|Russia||0,24||1,53||–||–||0,20||Cold water: 5,77 Hot water: 1,67||5,69|
|Latvia||1,53 + VAT (21%)||1,66 + VAT (21%)||6,27 + VAT (12%)||5,50 + VAT (12%)||–||Cold water: 0 Hot water: 2,33||26,86|
In this case, we can immediately see a colossal difference in tariffs and bills. The Latvian pensioner used 2,3 cubic meters of hot water in June (without using cold water), for which he paid a total of almost 27 euros when the Russian pensioner paid less than 6 euros for 7,4 cubic meters of cold and hot water. Here the percentage difference turned out to be 372% even though the person who used less water paid the higher bill.
Finally, we checked the home maintenance bills (Table 5).
|Home maintenance||Home maintenance fee (euros per m²)||Maintenance of the housing stock (euro)||Janitor (euros per m²)||Staircase maintenance (euros per m²)||Total due (euro)|
|Russia||0,47||2,31 (per flat)||–||–||17,44|
|Latvia||0,125 + VAT (21%)||0,31 (per m²)||0,03||0,039||28,85|
We think it is clear that the last analysed parameter shows the same results as the previous ones: all Latvian bills are many times more expensive than those in Russia. In this case, we see a 65% difference.
For the second part of our research, we decided to compare food prices in Russia and Latvia relevant as of summer 2020. To find consumer prices statistics we used the websites of the Federal State Statistics Service of the Russian Federation and the Official Statistics Portal of Latvia. A list of compared items and their average prices are placed in a general table below (Table 6).
|Price per 1 kg (euro)||Russia||Latvia|
|Eggs (10 pcs)||0,97||1,74|
As we can see, statistics show a clear difference in prices between the two countries. Food prices in Latvia are, in total, higher than Russian prices for the same items by about 30-50%. The smallest price difference is 6% when buying apples, the biggest one is when buying vodka and milk (88% and 82% respectively).
Then we made a table (Table 7) to compare how much money pensioners can spend on minimal sets of foodstuff in both countries. For this purpose, we have referred to the consumer basket to use the information about an average food consumption rate per year in both countries. As there is no such thing as a consumer basket in Latvia, we used the Russian one, published by TrudTK in 2020.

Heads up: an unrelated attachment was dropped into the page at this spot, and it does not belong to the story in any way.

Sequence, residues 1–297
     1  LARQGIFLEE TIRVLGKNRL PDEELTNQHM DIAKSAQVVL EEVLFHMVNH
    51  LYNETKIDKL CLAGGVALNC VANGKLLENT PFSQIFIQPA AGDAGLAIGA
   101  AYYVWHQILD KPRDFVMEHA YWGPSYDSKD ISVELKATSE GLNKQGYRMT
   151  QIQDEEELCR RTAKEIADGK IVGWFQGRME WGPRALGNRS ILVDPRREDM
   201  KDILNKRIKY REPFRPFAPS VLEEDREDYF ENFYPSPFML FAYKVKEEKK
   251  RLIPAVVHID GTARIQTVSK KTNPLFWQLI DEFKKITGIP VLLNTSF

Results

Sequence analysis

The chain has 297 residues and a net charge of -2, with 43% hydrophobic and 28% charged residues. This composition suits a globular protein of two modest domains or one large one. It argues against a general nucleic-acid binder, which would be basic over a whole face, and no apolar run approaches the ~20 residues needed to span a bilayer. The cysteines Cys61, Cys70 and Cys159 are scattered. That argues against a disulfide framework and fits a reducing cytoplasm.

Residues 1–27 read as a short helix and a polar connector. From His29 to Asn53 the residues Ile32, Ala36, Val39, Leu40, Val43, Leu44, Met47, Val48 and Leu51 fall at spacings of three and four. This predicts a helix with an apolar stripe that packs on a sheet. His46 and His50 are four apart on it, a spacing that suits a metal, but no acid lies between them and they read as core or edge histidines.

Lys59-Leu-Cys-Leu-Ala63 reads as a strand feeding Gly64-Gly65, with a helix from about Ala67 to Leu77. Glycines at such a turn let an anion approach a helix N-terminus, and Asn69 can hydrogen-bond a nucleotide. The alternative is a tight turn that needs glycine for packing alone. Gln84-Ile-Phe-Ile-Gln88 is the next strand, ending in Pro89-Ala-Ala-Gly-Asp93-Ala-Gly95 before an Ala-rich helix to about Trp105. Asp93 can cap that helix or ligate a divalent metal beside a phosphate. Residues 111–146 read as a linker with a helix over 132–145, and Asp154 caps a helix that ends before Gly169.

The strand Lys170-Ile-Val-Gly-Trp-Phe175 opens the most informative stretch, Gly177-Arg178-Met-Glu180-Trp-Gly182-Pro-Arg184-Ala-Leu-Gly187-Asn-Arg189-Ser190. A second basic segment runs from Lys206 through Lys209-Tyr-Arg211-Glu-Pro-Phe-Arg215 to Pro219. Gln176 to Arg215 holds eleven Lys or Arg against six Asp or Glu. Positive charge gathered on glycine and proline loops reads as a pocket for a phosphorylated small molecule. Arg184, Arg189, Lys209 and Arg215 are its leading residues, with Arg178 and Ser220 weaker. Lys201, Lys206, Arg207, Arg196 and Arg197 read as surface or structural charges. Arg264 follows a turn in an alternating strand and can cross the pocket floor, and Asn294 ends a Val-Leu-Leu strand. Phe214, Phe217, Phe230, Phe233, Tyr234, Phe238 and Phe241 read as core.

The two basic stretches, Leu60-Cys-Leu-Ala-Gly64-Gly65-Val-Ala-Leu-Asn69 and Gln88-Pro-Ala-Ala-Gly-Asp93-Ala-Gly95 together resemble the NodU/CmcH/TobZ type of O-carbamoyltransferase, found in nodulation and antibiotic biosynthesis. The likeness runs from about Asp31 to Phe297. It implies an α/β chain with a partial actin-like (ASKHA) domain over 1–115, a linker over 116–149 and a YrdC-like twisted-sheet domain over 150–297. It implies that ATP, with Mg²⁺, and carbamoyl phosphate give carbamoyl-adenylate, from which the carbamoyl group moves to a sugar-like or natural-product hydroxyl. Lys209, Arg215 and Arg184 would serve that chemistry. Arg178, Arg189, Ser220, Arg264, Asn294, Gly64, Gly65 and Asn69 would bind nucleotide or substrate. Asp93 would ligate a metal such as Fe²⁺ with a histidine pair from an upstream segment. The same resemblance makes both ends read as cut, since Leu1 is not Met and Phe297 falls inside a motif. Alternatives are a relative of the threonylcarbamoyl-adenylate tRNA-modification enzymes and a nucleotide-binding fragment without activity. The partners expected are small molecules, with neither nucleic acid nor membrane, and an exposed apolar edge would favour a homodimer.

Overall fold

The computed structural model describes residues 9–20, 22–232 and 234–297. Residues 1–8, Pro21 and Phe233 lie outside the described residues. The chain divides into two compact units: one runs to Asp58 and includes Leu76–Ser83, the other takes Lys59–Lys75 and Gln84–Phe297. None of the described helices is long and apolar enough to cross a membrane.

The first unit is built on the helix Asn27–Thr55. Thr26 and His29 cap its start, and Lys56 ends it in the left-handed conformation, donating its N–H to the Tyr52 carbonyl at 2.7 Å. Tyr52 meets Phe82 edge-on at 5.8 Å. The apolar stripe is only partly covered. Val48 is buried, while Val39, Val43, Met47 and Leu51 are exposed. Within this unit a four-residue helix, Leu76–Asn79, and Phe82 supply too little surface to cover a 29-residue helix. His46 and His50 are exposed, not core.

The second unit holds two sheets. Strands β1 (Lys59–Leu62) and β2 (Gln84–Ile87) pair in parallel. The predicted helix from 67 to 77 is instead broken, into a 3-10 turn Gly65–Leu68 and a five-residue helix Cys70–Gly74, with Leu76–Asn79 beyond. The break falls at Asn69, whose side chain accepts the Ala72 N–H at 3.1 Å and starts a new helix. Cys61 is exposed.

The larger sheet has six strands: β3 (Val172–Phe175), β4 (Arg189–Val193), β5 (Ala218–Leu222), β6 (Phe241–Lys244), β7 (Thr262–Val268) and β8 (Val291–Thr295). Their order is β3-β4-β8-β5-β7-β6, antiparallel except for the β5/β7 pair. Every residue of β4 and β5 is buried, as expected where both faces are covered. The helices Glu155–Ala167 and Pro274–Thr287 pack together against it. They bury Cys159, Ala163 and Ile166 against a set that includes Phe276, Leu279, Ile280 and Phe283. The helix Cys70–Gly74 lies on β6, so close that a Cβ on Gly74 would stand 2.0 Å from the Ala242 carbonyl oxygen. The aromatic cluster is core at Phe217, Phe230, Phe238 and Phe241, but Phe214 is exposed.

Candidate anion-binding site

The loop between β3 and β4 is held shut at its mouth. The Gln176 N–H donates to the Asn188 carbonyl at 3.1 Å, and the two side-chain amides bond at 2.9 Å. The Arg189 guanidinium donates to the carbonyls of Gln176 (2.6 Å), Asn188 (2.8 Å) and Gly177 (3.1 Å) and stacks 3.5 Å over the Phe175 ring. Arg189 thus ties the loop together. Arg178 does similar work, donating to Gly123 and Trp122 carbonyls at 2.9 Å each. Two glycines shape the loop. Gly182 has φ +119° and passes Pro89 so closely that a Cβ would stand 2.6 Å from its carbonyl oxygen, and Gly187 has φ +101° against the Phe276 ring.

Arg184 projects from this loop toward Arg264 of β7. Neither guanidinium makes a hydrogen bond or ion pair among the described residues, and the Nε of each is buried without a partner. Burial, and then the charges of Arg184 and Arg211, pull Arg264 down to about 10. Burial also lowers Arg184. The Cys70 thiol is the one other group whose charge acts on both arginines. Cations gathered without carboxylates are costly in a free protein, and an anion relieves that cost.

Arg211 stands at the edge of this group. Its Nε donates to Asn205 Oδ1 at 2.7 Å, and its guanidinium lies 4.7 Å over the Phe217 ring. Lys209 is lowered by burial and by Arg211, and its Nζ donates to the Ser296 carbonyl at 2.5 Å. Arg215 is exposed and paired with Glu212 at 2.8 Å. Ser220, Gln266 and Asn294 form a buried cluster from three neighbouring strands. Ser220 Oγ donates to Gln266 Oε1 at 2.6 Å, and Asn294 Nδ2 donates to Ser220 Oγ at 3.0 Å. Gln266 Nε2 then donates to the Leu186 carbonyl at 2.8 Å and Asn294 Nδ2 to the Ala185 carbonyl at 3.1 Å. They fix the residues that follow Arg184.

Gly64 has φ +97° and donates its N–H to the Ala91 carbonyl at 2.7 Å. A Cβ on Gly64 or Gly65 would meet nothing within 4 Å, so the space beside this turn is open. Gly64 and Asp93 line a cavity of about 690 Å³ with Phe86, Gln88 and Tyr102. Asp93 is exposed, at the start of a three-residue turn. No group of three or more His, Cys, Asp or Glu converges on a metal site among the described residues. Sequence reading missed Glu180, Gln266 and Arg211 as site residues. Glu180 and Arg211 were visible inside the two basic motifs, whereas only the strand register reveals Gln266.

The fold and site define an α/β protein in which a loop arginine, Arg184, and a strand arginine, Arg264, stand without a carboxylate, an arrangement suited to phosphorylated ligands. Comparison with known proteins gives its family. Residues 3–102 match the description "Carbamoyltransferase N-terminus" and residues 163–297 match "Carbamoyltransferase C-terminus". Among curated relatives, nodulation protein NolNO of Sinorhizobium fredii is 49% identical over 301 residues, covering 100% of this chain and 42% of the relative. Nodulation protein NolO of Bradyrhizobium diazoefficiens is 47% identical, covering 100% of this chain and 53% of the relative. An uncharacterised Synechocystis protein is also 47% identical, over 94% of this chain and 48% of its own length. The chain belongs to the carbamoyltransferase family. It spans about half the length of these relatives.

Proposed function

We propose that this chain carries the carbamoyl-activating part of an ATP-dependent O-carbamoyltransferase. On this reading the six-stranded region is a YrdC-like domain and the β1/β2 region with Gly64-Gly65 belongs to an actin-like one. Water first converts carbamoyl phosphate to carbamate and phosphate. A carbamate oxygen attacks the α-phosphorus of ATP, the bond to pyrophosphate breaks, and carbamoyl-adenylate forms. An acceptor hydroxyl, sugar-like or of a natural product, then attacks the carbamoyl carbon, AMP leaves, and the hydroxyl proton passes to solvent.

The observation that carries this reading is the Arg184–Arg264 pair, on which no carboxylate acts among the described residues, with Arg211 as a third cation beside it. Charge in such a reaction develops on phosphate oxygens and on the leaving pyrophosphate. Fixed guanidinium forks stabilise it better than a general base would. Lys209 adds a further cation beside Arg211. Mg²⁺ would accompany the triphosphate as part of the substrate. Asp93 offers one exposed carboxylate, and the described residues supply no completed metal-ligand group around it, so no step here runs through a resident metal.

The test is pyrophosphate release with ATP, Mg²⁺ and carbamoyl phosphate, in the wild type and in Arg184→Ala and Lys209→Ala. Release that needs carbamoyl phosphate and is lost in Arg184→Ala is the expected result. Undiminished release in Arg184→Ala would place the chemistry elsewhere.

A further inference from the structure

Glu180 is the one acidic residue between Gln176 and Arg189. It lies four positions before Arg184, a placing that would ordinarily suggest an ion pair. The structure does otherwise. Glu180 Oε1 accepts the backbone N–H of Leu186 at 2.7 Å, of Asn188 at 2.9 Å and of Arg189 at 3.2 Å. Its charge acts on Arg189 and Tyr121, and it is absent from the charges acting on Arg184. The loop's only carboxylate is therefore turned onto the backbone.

|no.||Name||Kg per year (1 person)||Russia (euros per year, 1 person)||Latvia (euros per year, 1 person)|
|1||Bread, pasta, and cereals||122,0||123,67||220,28|
|3||Vegetables and melons||98,0||89,74||134,58|
|5||Sugar, candies and cookies||23,8||14,28||17,61|
|10||Vegetable oil, margarine, and other fats||10,0||16,84||22,44|
|11||Other products (salt, tea)||3,5||6,35||8,39|
|Total due (euros per year)||713,56||1038,50|
|Total due (euros per month)||59,46||86,54|
Costs per kilo for basic food products, such as meat, fruits, cereals, milk, bread, etc., amounted to 59,45 euros in Russia and 86,54 euros in Latvia. It means that the Russian pensioner has to spend at least 32% of his/her pension on foodstuff monthly when the Latvian one spends at least 23% on the same set of products.
As for the utility bills, with average pensions of 363.38 euros and 181,28 euros, total utility bills amounted to 64,05 euros (not including heating bills) and 38.29 euros in Latvia and Russia respectively. Therefore, the pensioner from Latvia spends approximately 17% of his pension on utilities, when the Russian one spends about 21% of his pension for the same purposes.
But if we include heating bills, it turns out that during the heating season (which usually lasts for 7 months) the utility payments in Latvia can grow up to 131,85 euros (36% of the pension).
Eventually, the pensioner from Latvia has about 41% of their pension left to spend on medicine, leisure and other services. The Russian pensioner in this case has about 47% left to pay for the same necessities.
To demonstrate the difference between Latvian and Russian prices for basic necessities we created a graph which shows how much money the pensioners spend on utility bills and basic food products, and what amount of money remains to be spent on other necessities (for example, medicines, prices on which we did not compare in our research) and leisure.
As a result of the analysis of average pensions size, utilities, and prices for basic foodstuffs, we concluded that despite the apparent difference in the pensions of the two countries, pensioners in Latvia are no more well-off than pensioners in Russia.
RESEARCH | ARTICLE © Julia Bakaeva, Ksenia Golovina, Sofya Lischinska, Lobachevsky University, RU
Leave your comments, thoughts and suggestions in the box below. Take note: your response is moderated.